SBF Donated Millions to Politicians. Now FTX Wants That Money Back

Former FTX CEO Sam Bankman-Fried spent millions of dollars lobbying for friendly crypto regulation. Now the company's debtors want it.

Daniel Van Boom Senior Writer
Daniel Van Boom is an award-winning Senior Writer based in Sydney, Australia. Daniel Van Boom covers cryptocurrency, NFTs, culture and global issues. When not writing, Daniel Van Boom practices Brazilian Jiu-Jitsu, reads as much as he can, and speaks about himself in the third person.
Expertise Cryptocurrency | Culture | International News
Daniel Van Boom
2 min read

Sam Bankman-Fried


Before his precipitous fall from grace, Sam Bankman-Fried was crypto's friendly face. His persona wasn't just for customer consumption, but was also aimed at lawmakers. He lobbied politicians across both parties with his air of technocratic competence, and tens of millions of dollars in donations.

Now, months after the company went bankrupt, FTX's debtors want those donations back. In a press release issued on Sunday, the crypto exchange's debtors announced they're sending confidential letters to politicians and political action funds seeking the return of donations made by Bankman-Fried and other FTX personnel.

Those same debtors previously estimated that Bankman-Fried dropped $93 million in political donations. FTX's debtors are at present relying on donations to be returned voluntarily, but say they "reserve the right to commence actions before the Bankruptcy Court" to force the funds' return. 

Bankman-Fried was the Democrats' second largest donor between 2020 and 2022, contributing over $37 million towards the blue party's election efforts, according to fund-tracking website Open Secrets. Top FTX executive Ryan Salame donated $19 million to GOP candidates in the same period.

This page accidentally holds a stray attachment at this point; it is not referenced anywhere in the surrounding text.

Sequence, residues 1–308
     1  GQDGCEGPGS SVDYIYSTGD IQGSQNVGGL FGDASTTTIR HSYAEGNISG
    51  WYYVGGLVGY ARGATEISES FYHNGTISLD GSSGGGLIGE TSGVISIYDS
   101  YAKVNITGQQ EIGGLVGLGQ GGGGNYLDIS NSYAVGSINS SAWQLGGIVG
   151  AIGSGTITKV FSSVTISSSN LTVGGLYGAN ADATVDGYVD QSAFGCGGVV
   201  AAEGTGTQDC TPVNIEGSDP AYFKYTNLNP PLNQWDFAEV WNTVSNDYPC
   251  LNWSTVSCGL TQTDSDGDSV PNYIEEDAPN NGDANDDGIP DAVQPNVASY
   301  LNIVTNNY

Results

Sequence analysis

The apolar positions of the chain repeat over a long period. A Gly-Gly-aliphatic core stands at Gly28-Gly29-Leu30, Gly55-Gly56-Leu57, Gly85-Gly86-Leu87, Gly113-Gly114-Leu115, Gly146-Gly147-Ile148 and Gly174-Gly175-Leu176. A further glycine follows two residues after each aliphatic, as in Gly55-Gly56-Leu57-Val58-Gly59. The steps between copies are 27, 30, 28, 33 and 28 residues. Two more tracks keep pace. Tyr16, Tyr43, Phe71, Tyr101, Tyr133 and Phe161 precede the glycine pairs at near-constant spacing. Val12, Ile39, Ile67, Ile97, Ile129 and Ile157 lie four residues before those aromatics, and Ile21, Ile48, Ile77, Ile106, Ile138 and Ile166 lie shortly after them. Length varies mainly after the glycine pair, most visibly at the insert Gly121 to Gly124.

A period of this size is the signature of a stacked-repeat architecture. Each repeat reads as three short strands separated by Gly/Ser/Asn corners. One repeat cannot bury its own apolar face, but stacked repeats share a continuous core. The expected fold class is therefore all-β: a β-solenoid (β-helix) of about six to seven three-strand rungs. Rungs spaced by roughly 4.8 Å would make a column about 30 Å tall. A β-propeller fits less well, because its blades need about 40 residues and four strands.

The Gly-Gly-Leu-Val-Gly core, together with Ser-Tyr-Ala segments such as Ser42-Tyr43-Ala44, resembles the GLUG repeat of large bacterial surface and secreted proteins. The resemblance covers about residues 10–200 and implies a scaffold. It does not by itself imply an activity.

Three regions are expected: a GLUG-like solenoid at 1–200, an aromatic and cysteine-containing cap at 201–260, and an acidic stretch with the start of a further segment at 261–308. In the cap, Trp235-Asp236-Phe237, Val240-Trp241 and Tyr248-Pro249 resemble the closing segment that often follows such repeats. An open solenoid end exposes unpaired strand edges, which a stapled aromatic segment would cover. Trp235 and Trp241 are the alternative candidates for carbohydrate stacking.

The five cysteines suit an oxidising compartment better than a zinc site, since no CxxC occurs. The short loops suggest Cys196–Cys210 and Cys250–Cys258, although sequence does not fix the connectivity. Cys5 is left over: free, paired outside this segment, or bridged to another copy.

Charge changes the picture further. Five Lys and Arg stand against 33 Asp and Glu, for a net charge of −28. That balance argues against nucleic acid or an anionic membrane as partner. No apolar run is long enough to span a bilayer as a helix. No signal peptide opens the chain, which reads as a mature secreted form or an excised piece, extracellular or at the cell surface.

FTX was among the world's biggest cryptocurrency exchanges until late last year. Its implosion began on Nov. 2, when the company's finances were leaked to CoinDesk. The publication found that over one third of the $14.6 billion in assets owned by Alameda Research, Bankman-Fried's investment firm, were FTT tokens, a cryptocurrency issued by FTX. In other words, the foundation of Alameda's finances was an asset issued by its sister company. Alameda Research was then discovered to be $8 billion in debt, with FTX having transferred customer funds to Alameda to plug the hole, leading to the exchange's inability to service customer withdrawals.

John Ray III, the attorney who oversaw efforts to recover funds lost in Enron's infamous accounting scandal, was in November appointed FTX's new CEO. For that position he plans to investigate where the exchange's funds went and how they can be recovered. 

"Never in my career have I seen such a complete failure of corporate controls and such a complete absence of trustworthy financial information as occurred here," Ray wrote in a bankruptcy court filing. 

The Department of Justice is also on the case. Bankman-Fried, whose net worth was estimated to be $16 billion before his companies' crash, was charged with eight counts of money laundering and fraud in December. He pleaded not guilty. The DOJ seized more than $455 million worth of stocks owned by Bankman-Fried and fellow FTX co-founder Gary Wang in January, and another $150 million in assets later that month